The history of Everest is fraught with desperate failures in which many climbers lost their lives. History was made and record set, when in May 29, 1953, Sir Edmond Hillary of New Zealand, and Tenzing Norgay of Nepal ascended to the summit at 8,850 meters through the South Col route. Over the years many more climbers have been able to reach the summit, and many countless numbers of people have lost their lives.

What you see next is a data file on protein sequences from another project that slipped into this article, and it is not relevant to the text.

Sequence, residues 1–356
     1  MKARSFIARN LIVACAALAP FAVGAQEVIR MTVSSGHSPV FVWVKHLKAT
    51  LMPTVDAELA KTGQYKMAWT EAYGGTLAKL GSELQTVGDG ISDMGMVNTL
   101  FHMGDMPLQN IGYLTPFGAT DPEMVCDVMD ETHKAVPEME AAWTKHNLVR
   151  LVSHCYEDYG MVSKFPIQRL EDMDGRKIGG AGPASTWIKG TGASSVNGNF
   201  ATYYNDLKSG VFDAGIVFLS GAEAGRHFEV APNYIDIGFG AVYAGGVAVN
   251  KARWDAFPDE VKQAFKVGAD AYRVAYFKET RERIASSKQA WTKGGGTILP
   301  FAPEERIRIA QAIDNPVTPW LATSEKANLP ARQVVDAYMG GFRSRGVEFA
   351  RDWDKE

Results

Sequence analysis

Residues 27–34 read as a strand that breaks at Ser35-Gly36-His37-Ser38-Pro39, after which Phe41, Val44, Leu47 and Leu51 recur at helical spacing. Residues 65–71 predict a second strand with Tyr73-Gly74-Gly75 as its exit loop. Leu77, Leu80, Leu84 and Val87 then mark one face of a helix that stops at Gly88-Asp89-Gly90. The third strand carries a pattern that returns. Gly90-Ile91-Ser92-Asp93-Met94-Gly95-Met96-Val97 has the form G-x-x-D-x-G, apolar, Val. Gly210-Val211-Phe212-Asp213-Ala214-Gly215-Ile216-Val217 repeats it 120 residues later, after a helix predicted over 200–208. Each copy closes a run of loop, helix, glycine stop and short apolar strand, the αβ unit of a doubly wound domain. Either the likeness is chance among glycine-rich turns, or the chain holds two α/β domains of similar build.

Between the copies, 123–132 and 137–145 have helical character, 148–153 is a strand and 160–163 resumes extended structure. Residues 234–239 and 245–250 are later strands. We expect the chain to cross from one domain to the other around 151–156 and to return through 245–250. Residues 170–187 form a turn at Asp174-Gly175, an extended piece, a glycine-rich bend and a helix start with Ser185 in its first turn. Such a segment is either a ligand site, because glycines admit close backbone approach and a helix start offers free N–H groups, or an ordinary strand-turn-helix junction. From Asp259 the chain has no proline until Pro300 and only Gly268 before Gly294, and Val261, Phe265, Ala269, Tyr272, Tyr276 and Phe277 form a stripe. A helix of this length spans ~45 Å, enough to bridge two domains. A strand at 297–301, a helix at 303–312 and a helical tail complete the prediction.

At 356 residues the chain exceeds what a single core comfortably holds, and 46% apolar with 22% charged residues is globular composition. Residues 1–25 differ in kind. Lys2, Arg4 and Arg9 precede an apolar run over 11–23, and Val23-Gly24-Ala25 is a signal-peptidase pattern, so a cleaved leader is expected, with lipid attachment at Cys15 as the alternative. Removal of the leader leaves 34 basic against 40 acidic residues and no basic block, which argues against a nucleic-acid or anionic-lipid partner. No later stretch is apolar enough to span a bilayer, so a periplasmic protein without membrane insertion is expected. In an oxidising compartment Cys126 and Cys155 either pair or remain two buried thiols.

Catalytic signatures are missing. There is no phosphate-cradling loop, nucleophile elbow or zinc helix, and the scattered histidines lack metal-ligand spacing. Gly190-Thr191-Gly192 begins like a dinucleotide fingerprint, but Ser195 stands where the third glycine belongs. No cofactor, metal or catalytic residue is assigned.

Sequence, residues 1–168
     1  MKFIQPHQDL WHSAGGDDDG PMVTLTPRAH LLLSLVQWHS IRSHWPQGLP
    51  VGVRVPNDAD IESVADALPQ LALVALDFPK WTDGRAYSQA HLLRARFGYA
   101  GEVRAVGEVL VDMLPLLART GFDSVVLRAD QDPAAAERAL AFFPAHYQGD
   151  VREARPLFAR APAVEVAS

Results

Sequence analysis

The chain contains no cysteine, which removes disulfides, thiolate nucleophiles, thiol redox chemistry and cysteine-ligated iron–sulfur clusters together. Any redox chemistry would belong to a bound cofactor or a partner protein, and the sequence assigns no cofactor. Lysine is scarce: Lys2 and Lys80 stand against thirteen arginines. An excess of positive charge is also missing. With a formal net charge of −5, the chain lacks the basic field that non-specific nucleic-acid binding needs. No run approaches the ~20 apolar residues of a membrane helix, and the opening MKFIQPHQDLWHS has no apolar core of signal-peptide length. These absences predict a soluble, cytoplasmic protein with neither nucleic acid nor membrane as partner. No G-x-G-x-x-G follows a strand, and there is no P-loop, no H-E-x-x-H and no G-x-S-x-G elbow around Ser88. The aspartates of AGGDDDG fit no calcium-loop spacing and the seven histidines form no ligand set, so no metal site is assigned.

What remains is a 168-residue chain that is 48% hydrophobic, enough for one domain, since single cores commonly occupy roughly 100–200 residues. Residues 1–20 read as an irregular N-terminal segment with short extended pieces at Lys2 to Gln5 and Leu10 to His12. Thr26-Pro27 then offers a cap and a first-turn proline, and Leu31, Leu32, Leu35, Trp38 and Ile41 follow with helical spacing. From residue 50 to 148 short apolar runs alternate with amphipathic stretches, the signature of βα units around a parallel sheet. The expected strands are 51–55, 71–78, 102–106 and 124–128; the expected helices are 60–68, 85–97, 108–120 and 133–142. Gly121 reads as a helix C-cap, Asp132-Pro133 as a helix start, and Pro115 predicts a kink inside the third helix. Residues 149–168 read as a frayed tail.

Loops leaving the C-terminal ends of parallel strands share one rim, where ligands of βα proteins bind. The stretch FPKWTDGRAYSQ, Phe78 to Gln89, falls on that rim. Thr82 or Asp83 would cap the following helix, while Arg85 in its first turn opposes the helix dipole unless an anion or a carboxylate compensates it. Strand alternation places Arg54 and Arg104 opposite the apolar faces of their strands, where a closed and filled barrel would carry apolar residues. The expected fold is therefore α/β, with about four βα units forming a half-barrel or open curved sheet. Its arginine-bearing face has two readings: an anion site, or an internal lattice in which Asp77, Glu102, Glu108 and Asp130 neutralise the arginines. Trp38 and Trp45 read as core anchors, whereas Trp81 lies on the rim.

The 1996 expedition of Mount Everest was a commercial venture. Hall charged an exorbitant fee of $65,000 for each of his clients. Scott Fischer and Rob Hall were the leaders of two largest expeditions out of thirty expeditions that were scheduled to climb Mount Everest in 1996. There were multiple causes of the 1996 Everest catastrophe; these include remote and immediate causes. The remote causes include: the logistical problem which includes the Russian Customs, which hampered the supply of oxygen canisters to Nepal, and the delivery of high-altitude tent due to problem with the chartered plane; the problem of polluted air and the less than perfect sanitary conditions that produced a devastating respiratory and digestive problems also came to play. Many of the clients were ill-prepared for the ascent. It should be noted that logistical problems messed up Fischer’s acclimatization schedule, and had adversely affected his physical ability, yet he ignored this vital sign. Added to the acclimatization problem was that his health has deteriorated, and his limited communication with the rest of the pack. The use of antiquated radios was problematic. This problem incapacitated his ability to lead. The indecision to turnaround time in order to avoid dangerous situation was not strictly adhered to. It is remarkable that Fischer used a lot of time in the resolution of these unexpected contingencies which affected his planning strategy, his organization, his leadership, and his controlling; which is necessary for the successful existence of any organization. Applying the controlling aspect of the management function entails the responsibility of monitoring the team and to make amendments for the progress. Also lack of planning was also a factor to the tragic event at Mount Everest in 1996. Planning is a fundamental function of management. Planning would have helped him marshal out the team’s conduct and to familiarize himself with the weather condition on high-altitude. The importance of planning both for an individual, and for an organization cannot be overemphasized. According to Williams (2014), “Planning offers several benefits: intensified effort, persistence, direction, and creation of task strategies.” (p. 87). The climbers were equally to blame for the tragedy for failing to point out the deteriorating physical condition of Fischer. No member of the team had the courage to point to that he is incapable of leading. Many things went wrong; many of the climbers needed to get to the summit just to satisfy their personal self-aggrandizement. The authors noted that “Pittman needed to ascend Everest to complete her quest; she had failed in two earlier attempts to reach the summit.” Fischer on his part wanted Pitman just for promotion, although he knew that many of the skilled climbers detest the reckless abandon with which she seek publicity. Pete Schoening wanted to make history as the oldest man to reach the summit of Mount Everest. Lene Gammelgaard wanted to be the first Scandinavian woman to reach the summit. Fischer, even though he knew and accepted the fact that many of his clients had not trained enough to acclimatization with high altitude; he put up a nonchalant attitude, toward this fact. He down played it with pride when he stated that, “Experience is overrated”. Fischer was of the opinion that one’s attitude is in this venture is of paramount importance. He pointed out that high altitude is a secondary matter. Hall did not use his best judgment in letting Dr Weather continue even when his health was failing. Error in judgment on the part of Krakauer and Adams increased the likelihood of the tragedy. Their inability to think strategically and their blind devotion to authority help exacerbate this tragedy. Beidleman’s position as the third in the chain of command and his reservation of not voicing his concerns about the physical incapacity of most of his team member brings in the ethical and moral issues of this expedition. Boukreev was unable to develop relationships with the clients because he falters in English Language. Boukreev’s decision not to use supplemental oxygen was a flawed decision making process for a leader whose client depended upon him for physical and mental acuity that is necessary to help incapacitated clients. In this situation where individual reservation was overwhelming, no group member volunteered to play the devil’s advocate for fear recrimination. According to Williams (2013), “The devil’s advocacy can be used to create c-type conflict or cognitive conflict assigning an individual or a subgroup the role of a critic.” (p103). The notion that conflict is always bad does not hold true because many studies has concluded that conflict can enhanced the decision making process for individuals and organizations. Pride, arrogance, and lack of moral imagination contributed to the tragedy of the 1996 Everest expedition. It should be noted that ethical decision making involves some dilemmas, there are some consequences for the decisions that leaders make, sometimes it will be for the benefits of some stakeholders, and other times it will be at the detriment of others. “Moral imagination is one element that distinguishes good people who make ethically responsible decisions from good people who do not.” (Hartman, DesJardin, & MacDonald 2011) The weather condition was also a factor as to the reason why the tragedy occurred. Nature was against the climbers. They were faced with the treacherous wind of Mount Everest. The climbers had been misguided on the weather condition based on the weather forecast of the last five years where weather conditions had been favorable. According to Breashears the climbers were faced with much more severe weather, he pointed out that: Several seasons of good weather have led people to think of Everest as benevolent.